This year’s dryness resembles the 1930s in heat and rainfall patterns, said Jason Rosencrans, a meteorologist with the federal Climate Prediction Center.
In July, drought covered 57.2 percent of the contiguous 48 states, according to the Palmer Drought Index. In July 1934, the figure was 79.9 percent.
Despite meager rainfall, crop revenues this year will exceed pre-drought estimates as soaring prices offset lower yields, the U.S. Department of Agriculture said yesterday, forecasting record farm profits of $122.2 billion. In 1934, net farm profits were $2.9 billion, less than half the levels they were five years earlier.
Today’s crop growers also have access to taxpayer-subsidized insurance to help recoup lost sales, a program that may pay out $20 billion this year.
Mule-drawn plows have given way to computer-equipped tractors. Today Klott can escape the heat in the central air conditioning he added to his house in 1995.
“The physical stuff was tougher for them. Now the strain is more mental,” said Joe, one of three of Tony’s five children who still farm. None of his adult grandchildren do.
Joe Klott, 48, runs a fertilizer and seed business while operating the farm his father built. This year’s challenge, he said, will be factoring his 90 percent corn loss into his business plans -- not enjoyable, but survivable, he said. In contrast, farmers of the ’30s “were just trying to survive.”
Klott’s eighth-grade education, in a one-room schoolhouse a two-mile walk from home, was typical when only a quarter of people over 25 had a high school degree, compared with 87 percent today. Missouri farmland in 1936 cost $34 an acre. Today, similar land costs $2,900, which, adjusted for inflation, is more than five times its Dust Bowl value.
Help for farmers in the Dust Bowl came with the advent of modern farm subsidies. President Franklin D. Roosevelt’s New Deal included the Agricultural Adjustment Act of 1933, a hallmark of his “first 100 days” legislation. The law came only after years of dry weather and was struck down by the U.S. Supreme Court, later to be rewritten.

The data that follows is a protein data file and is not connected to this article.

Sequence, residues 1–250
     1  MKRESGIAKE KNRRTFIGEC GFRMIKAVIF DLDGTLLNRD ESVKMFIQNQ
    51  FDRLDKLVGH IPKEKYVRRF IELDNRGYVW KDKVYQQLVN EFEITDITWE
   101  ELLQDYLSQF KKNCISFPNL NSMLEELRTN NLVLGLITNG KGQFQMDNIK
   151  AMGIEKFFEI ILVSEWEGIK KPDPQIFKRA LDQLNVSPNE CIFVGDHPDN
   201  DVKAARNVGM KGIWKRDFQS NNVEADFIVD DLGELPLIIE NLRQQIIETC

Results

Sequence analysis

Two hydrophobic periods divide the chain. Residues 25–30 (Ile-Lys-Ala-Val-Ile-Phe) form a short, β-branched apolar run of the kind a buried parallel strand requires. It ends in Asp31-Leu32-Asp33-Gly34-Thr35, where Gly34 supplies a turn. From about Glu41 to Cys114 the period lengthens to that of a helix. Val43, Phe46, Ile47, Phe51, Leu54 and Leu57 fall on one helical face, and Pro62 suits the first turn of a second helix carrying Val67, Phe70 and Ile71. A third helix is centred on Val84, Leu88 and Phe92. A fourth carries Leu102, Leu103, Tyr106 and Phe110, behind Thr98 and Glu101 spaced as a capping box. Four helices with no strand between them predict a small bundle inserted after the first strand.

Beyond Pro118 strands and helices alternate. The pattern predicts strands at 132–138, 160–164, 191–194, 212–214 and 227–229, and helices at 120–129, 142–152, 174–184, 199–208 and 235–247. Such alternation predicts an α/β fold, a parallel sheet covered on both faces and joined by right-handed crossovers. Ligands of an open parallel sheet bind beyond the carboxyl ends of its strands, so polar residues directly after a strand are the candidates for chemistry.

This year’s farm bill, a five-year spending plan meant to replace legislation expiring Sept. 30, is being held up by disputes in Congress over the size of cuts to farm subsidies and the cost of food stamps, which didn’t exist during the Dust Bowl.
“When Roosevelt came into power, poor people, they got a little help,” Klott said. Now, he said, additional aid isn’t as necessary because subsidies are already in place.
Besides military service in Japan after World War II and three months of work in a shoe factory in 1950, Klott farmed all his life until retiring about a decade ago and turning over the farm work to his son.
The only person in his family who remembers the Dust Bowl, Klott recalls a life of good times and bad, though he remembers the good times more. Dirt, wind, and droughts come and go. Throughout, farming was the only thing he ever wanted to do, Klott said.
“It’s something about growing a crop and working the soil, running machinery, that you get something out of it,” he said. “And raising a crop, doing a good job.”
The current drought is a reminder that farming, then and today, includes risks, and no guarantee of success, he said.
People who work hard, who help one another, will make it through.
“Hang in there,” he says, and he smiles.